The Joy of Memorization!

Mention "memorization" these days and you have already put your audience to sleep. But I really love it. Of all the ways to learn material, none is more black-and-white, more either-you-know-it-or-you-don't than memory work. That works well for my all-or-nothing personality. I don't mean to devalue critical thinking skills. In fact, memorization can actually free up brain space for higher level thinking.
I have always leaned heavily on memorization, from my childhood, through college, and even now. You know those college exams - maybe high school too, I wouldn't know - that had essay questions, where the professor would give you four or so essay questions on a study guide, three would be on the test, and you would need to respond to two of those? Well, I would write out and memorize detailed outlines for each of these questions so as to leave nothing to chance (I considered B+ a failing grade). It wasn't that I lacked the ability to think critically, I simply preferred to do that thinking in advance. If the test was in a foreign language, say Russian, I would take it a step further, writing out a complete answer to each essay question and then memorizing it word for word. It was peace of mind, in my book. Strange, I know. I never claimed to be normal.

But it wasn't always for tests and classes. I also enjoyed memorizing scripture verses and other literature that spoke to my heart. As a teenager, I chose to memorize the Declaration of Independence for my own personal benefit. That wasn't easy, but has been totally worth the effort. That document and my memory of it are precious to me. There is a certain level of familiarity that can only be achieved by committing a text to memory. Before I left on my LDS mission, a friend and I determined to memorize 100 of our favorite scripture passages. These, we agreed, were to be over and above the 100 assigned "scripture mastery" verses we had learned for seminary. We chose passages that truly spoke to our hearts, some being many verses long. I can't tell you how much those verses have blessed my life. I am humbly grateful for the privilege of knowing them. I still have a small spiral notebook that contains my chosen verses.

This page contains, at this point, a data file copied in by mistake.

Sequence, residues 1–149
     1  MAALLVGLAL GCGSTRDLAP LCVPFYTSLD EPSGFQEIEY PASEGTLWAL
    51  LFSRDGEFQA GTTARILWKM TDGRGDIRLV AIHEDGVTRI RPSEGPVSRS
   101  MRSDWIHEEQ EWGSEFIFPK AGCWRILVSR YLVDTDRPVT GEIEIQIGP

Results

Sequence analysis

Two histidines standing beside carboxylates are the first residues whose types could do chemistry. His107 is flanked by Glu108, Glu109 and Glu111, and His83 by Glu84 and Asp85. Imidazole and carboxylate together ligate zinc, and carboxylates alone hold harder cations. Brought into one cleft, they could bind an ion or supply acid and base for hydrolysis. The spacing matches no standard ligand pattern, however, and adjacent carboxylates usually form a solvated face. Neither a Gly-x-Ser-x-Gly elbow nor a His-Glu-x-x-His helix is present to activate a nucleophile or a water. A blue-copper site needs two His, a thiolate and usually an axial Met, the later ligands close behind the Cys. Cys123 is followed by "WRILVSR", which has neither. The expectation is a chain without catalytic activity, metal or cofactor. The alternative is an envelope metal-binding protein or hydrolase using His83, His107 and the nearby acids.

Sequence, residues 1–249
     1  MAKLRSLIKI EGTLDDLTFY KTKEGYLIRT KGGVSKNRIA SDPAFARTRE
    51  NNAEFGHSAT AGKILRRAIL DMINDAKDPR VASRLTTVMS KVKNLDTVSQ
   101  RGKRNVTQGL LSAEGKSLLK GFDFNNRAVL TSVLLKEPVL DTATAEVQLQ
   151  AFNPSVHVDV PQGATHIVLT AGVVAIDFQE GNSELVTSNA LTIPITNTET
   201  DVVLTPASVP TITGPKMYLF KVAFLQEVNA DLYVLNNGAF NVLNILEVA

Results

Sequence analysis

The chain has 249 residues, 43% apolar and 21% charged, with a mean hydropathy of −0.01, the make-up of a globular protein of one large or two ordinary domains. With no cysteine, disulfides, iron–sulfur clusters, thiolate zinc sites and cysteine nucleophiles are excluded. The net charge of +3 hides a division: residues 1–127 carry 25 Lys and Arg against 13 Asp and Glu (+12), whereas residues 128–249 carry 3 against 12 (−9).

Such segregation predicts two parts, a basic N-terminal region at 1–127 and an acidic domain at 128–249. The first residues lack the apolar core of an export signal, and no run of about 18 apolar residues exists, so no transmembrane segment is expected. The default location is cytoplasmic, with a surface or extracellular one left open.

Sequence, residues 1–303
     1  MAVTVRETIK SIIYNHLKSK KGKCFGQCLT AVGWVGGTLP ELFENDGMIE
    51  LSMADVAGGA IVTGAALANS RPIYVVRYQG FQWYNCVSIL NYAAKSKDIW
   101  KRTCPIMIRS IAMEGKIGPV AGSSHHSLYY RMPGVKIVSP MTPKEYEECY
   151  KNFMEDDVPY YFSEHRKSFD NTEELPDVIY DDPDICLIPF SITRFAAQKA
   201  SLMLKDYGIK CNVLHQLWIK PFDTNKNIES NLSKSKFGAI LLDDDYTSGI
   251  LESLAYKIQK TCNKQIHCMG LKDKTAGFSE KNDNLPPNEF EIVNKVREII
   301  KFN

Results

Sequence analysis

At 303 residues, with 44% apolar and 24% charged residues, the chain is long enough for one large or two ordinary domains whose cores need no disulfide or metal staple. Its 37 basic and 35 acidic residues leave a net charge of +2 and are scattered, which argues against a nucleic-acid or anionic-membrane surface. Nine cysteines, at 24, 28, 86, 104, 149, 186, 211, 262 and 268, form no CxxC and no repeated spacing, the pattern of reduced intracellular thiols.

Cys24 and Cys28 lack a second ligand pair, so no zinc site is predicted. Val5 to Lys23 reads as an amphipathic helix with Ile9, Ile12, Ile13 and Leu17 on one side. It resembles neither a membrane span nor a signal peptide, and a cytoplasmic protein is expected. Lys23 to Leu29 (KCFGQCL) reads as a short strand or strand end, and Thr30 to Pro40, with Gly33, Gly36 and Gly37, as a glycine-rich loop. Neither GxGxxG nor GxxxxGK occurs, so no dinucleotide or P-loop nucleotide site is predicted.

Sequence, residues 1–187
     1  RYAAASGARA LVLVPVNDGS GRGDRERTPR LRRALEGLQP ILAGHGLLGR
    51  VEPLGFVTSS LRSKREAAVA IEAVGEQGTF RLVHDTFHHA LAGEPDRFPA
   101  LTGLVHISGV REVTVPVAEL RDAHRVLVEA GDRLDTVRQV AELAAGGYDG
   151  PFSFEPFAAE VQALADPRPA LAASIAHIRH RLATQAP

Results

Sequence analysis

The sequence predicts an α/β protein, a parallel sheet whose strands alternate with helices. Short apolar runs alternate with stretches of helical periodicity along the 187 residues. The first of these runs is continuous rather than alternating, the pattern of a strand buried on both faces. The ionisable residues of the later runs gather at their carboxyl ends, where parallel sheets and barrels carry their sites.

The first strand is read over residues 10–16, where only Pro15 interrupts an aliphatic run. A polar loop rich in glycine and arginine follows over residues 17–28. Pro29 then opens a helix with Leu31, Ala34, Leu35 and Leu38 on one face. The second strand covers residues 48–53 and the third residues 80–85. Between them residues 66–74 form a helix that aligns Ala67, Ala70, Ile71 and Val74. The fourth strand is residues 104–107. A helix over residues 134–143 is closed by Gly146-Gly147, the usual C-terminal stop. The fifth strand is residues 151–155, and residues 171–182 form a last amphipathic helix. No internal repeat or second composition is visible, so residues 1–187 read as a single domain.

So naturally, since I have enjoyed and found so much use for memorization, I wanted to pass that love on to my little son as soon as I could. The first things Wesley memorized were the Articles of Faith. We began when he was two and a half. I did not realize such a small child could memorize, silly me, so we began with the goal of familiarity. Imagine my surprise when, in thirteen weeks, he had them all down! Here he is, one day shy of three years old, reciting the Thirteenth Article of Faith. (If you are unfamiliar with the text, you may not quite understand his 3-year-old pronunciation, sorry. Hopefully it is cute anyway.)

We continue to memorize poetry, scripture verses, definitions for parts of speech, lists, and whatever else we find useful. Some of our memory work is religious, some is not.

Come to find out, there are actual brain benefits to memory work, even if you aren't neurotic like me! Here's a piece I found that lists 10 benefits for memory work:

So go ahead, get out that poem, or favorite passage of scripture, or historical document, or whatever it is you want to memorize and do it! It is worth it!

Here are some of my personal memory goals, maybe you can get some ideas:

Words to all LDS Hymns, one hymn at a time, of course :)

The Family - A Proclamation to the World

The Living Christ

Paul Revere's Ride (finish what I started, I love this poem!)

The US Constitution and amendments

The Declaration of Independence (review)

I'm sure I will think of more just as soon as I click the "publish" button on my blog. :) Please feel free to share your suggestions in the comments. I can always use fresh ideas!

Happy memorizing!


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